This is my first time in Stockholm, as you all know, for Spring and Summer. I can say that I honestly did not expect the weather to turn so extremely Australian like! Having spent almost a year living in Australia before I moved to Sweden, I must admit it gets confusing sometimes when I wake up and my room feels like a sauna, add this to the constant sunshine, soaring temperatures and the fact I now have a bike (as I did in Australia) it feels all too familiar and unexpected in this Northern country. This is not to say I am complaining, Stockholm is truly at its most beautiful when the sun is out, when the trees and flowers are in full bloom and it is bursting with life. This is either from people cycling, jogging, picnicking or swimming or by the birds in the trees and the rabbits and squirrels running around foraging for food.
About to begin my cycle through the woods
Cycling by the Water
Enjoying the Sun in Djurgården- one of my favourite places here
It is beautiful and I am loving every minute! So this I have decided is a huge advantage of living here- the extremes in weather. In Winter you are treated to pure darkness, cold, snow and rain and vice versa once Spring/Summer hits. In my opinion I really appreciate this shift, it helps me to enjoy each season more readily, as opposed to if it were constantly hot and sunny, as was the Australian situation- as I am by no means a sun person, in fact I prefer rain (Irish remember… ). So now I am going for a cycle and a swim before I go to Karolinska for an event ‘How to be the the Best Leader Possible’ organized by a group of my friends who are Harvard Ambassadors here in KI ‘Women in Leadership’. I know how much work was put into this and I look forward to seeing this come to fruition.
Thats all for now, enjoy the weather in whatever country you may be!
In typical fashion, I’m going to sit here and tell you that my last few weeks have been busy – and that would technically be true – but now I’m officially on summer vacation and enjoying the slower, self-dictated pace of life. That being said, I hope to be somewhat productive with various pursuits, such as practicing my Swedish, traveling around Scandinavia with my family, and even laying the groundwork to be able to begin my master’s thesis work. I hope to accomplish a lot this summer both academically and socially, but it’s nice to have a little break from classes and have the option to take some days off here and there. Supposedly the entire country essentially shuts down for the month of July, and I’m looking forward to seeing what that looks like (and ironically that’s when I plan on doing the bulk of my academic work).
Through a friend/classmate (shoutout to Johannes!), I was able to sublease an awesome studio apartment in the city center this summer. I’m pretty sure he had to stay on the waiting list for like 5 years to be eligible for this student apartment, so it was nice that I could basically luck into this situation for the next few months. I’m really happy with the location, amenities, and the price isn’t half bad either, all things considered. I’m within walking distance to nearly all of the most popular areas of the city, which is nice after recently living in a more suburban area. Since I don’t have many of my possessions with me here in Sweden, I made the financially motivated decision to move via public transportation right before my last exam of the spring semester. So four bus rides later I was officially moved out of my old place and into the new place downtown. Then I took my exam and departed for the US at 6:00 AM, or 12 hours after finishing my exam. I wouldn’t recommend moving, taking an exam, and traveling overseas in a 24 hour period, but I did manage to pull it off with some careful planning. Here are a few pictures of my new place for the summer:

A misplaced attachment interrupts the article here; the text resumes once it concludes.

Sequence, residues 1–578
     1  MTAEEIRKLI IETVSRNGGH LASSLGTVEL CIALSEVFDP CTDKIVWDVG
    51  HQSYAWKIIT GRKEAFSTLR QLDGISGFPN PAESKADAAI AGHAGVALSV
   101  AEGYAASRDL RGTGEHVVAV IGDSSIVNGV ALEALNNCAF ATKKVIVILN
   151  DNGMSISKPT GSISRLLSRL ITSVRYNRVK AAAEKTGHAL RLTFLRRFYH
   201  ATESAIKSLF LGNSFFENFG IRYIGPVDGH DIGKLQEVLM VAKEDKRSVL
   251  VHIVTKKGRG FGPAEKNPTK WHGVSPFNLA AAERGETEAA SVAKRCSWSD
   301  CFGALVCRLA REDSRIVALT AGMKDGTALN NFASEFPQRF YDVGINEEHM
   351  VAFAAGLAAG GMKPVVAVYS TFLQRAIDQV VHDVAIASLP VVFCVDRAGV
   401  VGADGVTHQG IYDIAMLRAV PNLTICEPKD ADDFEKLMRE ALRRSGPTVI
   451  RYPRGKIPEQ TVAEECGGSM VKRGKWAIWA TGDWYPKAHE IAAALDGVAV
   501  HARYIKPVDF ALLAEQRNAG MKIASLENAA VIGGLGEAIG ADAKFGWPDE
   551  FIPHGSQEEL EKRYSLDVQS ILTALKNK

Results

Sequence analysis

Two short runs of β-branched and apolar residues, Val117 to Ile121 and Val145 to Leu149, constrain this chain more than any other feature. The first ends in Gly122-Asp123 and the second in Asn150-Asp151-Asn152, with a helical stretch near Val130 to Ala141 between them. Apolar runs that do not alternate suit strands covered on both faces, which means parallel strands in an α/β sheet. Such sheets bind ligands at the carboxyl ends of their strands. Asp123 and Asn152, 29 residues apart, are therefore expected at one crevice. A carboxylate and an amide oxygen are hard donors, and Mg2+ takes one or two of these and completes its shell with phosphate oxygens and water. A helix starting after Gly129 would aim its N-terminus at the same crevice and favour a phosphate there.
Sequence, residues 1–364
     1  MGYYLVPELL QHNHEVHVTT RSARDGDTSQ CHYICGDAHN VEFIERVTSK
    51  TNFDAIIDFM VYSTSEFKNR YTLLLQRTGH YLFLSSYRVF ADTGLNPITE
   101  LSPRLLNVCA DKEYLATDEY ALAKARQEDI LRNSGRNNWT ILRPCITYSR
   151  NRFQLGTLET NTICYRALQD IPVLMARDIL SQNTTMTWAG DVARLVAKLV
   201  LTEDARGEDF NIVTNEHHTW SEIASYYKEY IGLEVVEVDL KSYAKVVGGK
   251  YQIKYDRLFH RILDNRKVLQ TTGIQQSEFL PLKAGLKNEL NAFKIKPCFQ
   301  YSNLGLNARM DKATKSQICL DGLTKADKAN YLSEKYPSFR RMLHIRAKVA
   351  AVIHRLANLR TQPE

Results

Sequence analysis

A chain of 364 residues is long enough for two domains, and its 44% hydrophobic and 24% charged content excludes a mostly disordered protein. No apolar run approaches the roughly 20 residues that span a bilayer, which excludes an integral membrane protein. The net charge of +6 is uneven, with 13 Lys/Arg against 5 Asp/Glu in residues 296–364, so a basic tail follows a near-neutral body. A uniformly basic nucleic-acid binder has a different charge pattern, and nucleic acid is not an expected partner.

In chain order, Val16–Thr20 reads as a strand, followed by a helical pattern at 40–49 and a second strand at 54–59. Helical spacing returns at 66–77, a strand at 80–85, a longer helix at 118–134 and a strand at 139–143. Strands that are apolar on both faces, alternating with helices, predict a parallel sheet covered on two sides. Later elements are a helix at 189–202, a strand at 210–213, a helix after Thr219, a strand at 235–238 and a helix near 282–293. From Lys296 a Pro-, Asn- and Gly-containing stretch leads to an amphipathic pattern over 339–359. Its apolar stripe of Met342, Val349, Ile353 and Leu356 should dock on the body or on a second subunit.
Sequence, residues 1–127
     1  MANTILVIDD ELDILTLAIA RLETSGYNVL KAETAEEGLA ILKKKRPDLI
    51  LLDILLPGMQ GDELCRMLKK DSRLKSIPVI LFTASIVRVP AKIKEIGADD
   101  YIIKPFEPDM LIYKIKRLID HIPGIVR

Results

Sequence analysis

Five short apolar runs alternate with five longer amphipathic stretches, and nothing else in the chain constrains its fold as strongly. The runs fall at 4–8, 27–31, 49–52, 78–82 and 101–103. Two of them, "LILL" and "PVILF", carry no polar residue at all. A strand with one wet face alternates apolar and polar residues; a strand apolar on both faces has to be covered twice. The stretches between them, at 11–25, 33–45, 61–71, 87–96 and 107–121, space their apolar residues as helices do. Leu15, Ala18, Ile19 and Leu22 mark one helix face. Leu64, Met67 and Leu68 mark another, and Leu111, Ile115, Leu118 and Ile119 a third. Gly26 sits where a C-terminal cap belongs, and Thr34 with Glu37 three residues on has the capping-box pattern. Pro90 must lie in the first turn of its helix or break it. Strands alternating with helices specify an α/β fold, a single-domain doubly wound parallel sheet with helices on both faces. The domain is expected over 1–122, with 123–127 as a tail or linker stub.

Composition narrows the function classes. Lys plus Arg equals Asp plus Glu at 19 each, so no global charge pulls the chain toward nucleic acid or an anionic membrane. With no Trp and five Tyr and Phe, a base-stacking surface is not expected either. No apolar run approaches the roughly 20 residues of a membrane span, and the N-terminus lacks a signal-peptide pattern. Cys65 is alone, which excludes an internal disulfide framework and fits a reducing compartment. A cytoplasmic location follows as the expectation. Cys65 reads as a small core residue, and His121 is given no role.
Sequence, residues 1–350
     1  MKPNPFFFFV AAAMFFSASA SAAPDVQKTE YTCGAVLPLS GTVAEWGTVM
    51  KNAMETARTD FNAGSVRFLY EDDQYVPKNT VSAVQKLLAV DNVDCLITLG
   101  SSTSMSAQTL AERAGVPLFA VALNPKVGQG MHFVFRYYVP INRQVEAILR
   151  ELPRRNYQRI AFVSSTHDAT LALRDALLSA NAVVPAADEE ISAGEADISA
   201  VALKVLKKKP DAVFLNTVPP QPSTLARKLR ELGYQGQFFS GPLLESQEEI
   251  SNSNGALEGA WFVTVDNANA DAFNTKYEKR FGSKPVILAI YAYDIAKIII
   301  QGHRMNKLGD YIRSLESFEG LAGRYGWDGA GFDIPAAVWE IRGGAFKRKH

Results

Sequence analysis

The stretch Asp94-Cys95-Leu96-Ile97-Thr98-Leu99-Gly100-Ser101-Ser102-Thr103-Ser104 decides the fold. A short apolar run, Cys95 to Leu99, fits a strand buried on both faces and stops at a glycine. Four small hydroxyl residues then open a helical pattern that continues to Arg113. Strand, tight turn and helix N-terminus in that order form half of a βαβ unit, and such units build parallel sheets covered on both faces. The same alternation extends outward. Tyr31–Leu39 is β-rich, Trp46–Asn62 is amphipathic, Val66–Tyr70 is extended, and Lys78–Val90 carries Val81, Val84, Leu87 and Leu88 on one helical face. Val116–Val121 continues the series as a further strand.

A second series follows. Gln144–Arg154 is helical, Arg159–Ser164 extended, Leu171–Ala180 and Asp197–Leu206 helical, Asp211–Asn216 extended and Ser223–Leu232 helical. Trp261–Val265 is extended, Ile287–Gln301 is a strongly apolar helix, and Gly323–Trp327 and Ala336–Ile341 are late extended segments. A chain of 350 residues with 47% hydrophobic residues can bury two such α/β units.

I actually have an oven now! Photo by Brett Seward.
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Before I first came to Sweden I associated the country with blue and yellow Ikea, the world famous Eurovision sensation ABBA, meatballs (even as a vegetarian I know these are good homey Swedish food); I associated Sweden with Phoebe in the American sitcom “Friends” playing a Swedish masseuse but maybe more serious and something I aspire to win one day: the Nobel Prizes (yes I intend to win them all . However, during my first trip here I experienced a side of Sweden that for me is one of the best aspects of Sweden.
Sweden has a population of around 10 million people. The main cities are Stockholm, Gothenburg and Malmo. However, a large part of Sweden is the countryside, the rural aspects that are not only people but deer, moose, fox, hares, owls and all sorts of other fascinating creatures. To me the Swedish countryside could easily be a place I could call home!
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For me, as for Bryan Adams (please, don’t judge my music taste) and for a lot of you I guess, summer is a special time of the year. As one Russian song says: “Summer is a small life”, meaning that it’s a whole life on its own, isolated from the rest of the year.
At the end of every scholar year I have the feeling that summer is going to bring something, something exciting, something incredible in my life.
And here, in Sweden, the relation to summer is even more particular.
I had a conversation with a Swede who told me that for a lot of people in northern Europe, Scandinavia and especially in Sweden, summer is a sort of a huge getaway. Summer is the time that everyone is waiting for, the time during which we can do everything we were dreaming about during the cold winter. And especially in Sweden summer brings hope and people believe that it will arrange things and everything will be better afterwards.
Summer is here, and then there is nothing.
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